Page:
I have had many conversations with people who express a falling out of love with learning talmud as they got older. Perhaps it is due to being in the working world or having so many other responsibilities; whatever the case I would like to know if there are any strategies for helping a person, who is 30 years old or older, and who once enjoyed talmud study but doesn't any longer, once again enjoy learning gemarah? I am looking for sourced answers/approaches only please.
R. Shimon Fuerst wrote a pamphlet called Tenu Kavod LaTorah in which he discusses how Talmudic students should learn Gemara. His major thesis is that many students upon leaving yeshiva give up on learning Gemara because the style of learning promoted in yeshivos is not conducive to actually amassing a significant amount of Torah knowledge. He says that when these people realize that they were in yeshiva for 10 years and don't actually know much, and can hardly even "learn a daf Gemara b'peshitus" they simply give up. His solution is to revamp the way Gemara learning is done in yeshiva, with at least 100 (two-sided) pages studied per semester. When people see that they have acquired a significant amount of Torah knowledge they will continue to learn.
The pamphlet is only about 30 pages long and can easily be read in its entirety by someone familiar with Hebrew. Here is one excerpt (p.11) that is representative of the point:
והחילוק יהיה רק זאת שאותן מאה דפים ידעו היטב גם עם הראשונים עם הרשב"א והריטב"א וכשיבואו לביתם לבקש איזהו פרנסה אם גם לא יזכרו אלף דפים גמרא הדק היטב אבל ידיעת התורה בהרבה ענינים בש"ס יהיה להם בודאי ולא יפסוק מחמת זה החשק ללמוד להלן אחר שעזבו את דלתות הישיבה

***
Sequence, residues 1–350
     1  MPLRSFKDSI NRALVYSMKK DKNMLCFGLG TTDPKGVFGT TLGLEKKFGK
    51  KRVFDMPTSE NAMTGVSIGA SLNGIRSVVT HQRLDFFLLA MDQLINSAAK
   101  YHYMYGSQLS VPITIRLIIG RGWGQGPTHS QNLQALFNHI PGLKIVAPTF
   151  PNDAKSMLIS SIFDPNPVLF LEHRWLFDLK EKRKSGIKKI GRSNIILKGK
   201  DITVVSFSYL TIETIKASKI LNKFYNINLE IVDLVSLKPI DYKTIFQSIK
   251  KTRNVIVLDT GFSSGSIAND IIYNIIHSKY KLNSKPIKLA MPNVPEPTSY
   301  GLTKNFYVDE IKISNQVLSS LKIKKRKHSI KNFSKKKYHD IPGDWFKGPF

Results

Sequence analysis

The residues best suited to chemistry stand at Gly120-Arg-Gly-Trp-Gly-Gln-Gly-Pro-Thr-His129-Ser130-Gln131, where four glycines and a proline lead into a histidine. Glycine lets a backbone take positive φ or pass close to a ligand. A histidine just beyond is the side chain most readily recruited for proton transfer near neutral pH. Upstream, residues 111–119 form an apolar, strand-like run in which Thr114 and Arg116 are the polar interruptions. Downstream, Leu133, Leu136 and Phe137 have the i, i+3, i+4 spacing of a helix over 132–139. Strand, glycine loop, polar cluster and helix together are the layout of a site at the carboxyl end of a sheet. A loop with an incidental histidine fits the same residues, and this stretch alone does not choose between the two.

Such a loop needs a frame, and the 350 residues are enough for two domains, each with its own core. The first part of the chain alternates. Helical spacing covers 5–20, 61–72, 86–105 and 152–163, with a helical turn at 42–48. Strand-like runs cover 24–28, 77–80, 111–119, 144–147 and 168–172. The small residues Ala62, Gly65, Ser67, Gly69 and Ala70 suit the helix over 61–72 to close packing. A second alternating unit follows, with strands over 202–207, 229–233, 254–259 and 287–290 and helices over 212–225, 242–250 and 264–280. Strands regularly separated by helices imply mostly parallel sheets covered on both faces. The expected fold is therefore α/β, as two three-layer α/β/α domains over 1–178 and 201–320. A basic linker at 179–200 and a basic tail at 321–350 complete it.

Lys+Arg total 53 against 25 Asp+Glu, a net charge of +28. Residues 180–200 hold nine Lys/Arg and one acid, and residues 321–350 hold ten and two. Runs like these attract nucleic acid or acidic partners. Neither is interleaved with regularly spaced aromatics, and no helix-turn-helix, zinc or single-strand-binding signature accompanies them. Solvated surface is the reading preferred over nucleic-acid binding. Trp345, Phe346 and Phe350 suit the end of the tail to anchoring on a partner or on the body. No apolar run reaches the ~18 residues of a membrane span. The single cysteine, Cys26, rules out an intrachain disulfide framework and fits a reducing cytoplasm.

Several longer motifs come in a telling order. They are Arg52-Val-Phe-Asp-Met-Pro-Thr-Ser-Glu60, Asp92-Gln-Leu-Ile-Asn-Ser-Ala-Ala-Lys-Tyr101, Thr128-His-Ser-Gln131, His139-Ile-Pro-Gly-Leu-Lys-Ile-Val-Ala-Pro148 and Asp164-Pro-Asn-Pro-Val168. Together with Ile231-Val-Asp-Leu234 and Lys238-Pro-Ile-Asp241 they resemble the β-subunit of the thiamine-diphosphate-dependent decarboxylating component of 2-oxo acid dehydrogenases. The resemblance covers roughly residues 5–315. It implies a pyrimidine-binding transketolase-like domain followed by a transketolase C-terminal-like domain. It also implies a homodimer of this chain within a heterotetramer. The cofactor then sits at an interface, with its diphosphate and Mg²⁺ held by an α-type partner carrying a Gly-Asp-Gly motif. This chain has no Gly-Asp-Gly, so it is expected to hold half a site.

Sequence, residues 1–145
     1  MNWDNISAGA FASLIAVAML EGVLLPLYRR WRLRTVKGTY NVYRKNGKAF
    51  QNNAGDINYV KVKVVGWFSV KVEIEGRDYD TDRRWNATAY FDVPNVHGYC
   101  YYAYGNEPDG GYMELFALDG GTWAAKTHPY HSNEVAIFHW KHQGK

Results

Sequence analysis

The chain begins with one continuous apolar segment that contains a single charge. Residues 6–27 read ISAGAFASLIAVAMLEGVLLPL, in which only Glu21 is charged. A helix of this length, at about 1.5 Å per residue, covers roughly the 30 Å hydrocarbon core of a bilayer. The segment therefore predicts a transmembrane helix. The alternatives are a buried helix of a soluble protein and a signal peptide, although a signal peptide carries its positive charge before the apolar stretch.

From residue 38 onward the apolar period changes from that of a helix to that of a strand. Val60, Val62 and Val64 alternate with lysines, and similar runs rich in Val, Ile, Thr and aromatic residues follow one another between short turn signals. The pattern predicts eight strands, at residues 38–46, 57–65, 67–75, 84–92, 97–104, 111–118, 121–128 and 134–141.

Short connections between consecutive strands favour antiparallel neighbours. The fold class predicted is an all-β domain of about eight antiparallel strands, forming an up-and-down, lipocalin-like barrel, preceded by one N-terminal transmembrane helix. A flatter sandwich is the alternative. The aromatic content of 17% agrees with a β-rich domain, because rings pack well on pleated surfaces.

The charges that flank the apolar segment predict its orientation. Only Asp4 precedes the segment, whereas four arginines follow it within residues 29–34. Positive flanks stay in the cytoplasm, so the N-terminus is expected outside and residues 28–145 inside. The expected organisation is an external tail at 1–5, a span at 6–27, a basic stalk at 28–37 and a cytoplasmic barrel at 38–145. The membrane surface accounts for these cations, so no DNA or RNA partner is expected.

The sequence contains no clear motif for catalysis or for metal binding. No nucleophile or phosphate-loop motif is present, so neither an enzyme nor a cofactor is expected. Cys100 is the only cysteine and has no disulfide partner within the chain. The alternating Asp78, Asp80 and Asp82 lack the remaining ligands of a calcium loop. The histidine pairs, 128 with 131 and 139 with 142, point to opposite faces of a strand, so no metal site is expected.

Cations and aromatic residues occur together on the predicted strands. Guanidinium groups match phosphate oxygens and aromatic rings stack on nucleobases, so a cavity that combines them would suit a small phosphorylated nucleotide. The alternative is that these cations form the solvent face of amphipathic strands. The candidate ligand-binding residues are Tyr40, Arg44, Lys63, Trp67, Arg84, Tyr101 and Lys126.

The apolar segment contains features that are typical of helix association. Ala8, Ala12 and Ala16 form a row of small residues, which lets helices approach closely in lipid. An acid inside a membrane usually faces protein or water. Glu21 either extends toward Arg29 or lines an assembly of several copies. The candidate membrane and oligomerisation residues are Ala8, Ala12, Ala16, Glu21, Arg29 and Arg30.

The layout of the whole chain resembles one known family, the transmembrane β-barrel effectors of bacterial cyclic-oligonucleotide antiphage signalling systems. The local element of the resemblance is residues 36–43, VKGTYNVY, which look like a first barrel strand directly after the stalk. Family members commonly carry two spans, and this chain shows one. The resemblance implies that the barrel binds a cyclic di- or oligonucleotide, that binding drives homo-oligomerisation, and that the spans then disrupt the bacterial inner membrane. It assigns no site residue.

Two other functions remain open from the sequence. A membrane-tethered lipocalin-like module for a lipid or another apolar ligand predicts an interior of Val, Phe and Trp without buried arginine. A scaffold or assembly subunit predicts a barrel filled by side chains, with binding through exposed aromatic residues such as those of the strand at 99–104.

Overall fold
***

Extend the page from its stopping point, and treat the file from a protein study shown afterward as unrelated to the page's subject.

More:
ולא יהיה עוד כדבר הלזה שאנו רואין היום שאחר שלמדו עשרה שנים בישיבה לא ידעו ללמוד בעצמן דף גמרא וזאת רק זאת גרם שאינן פותחין עוד גמרא כל ימי חייהן שאינן מרגישיו שום חיות בלימוד גמרא והטעם מחמת שאינם יודעים מאומה
The difference will be only this – that those 100 pages they will know well, even with rishonim, with the Rashba and the Ritva, and when they come to their houses to seek out a livelihood even if they don't remember 1,000 pages of Gemara very well they will certainly at least have Torah knowledge in many topics in Shas, and they won't cease on account of this their desire to learn later on after they have left the doors of the yeshiva.
And there will no longer be something like this, where we see today that after learning for 10 years in yeshiva they don't know how to learn on their own a page of Gemara. This and only this causes them not to open a Gemara again for the rest of their lives, because they don't feel any vitality in learning Gemara, the reason being that they don't know anything.
R Yehuda Greenwald wrote a small booklet called "Torah study" under the direction of R Shlomo Wolbe (I have it in French, it is part of this larger book).
In it he writes that learning gemara should be the main focus of any Jew. However it is just as critical to learn Humash, Halakha, Hassidut and Musar - all in just proportions and depending on the individual. He recommends 50-60% of time dedicated to gemara, the rest to other disciplines. And insists on the importance of getting advice from a learned rav that knows the person well.
He explicitly discusses the case of many adults who get discouraged after a few years of learning gemara when they realize they won't become the talmidei chachamim they were hoping to be and don't actually enjoy the learning that much. He recommends avoiding to "take refuge" only in learning humash, hassidut and musar but believes a certain balance is important.
I also heard directly from R Levi Azimov (who oversees 120 batei Habad in the Paris area) that learning gemara only is too dry and that a Jew needs "something to warm his neshama in parallel" (his words), e.g., in-depth humash and hasidut.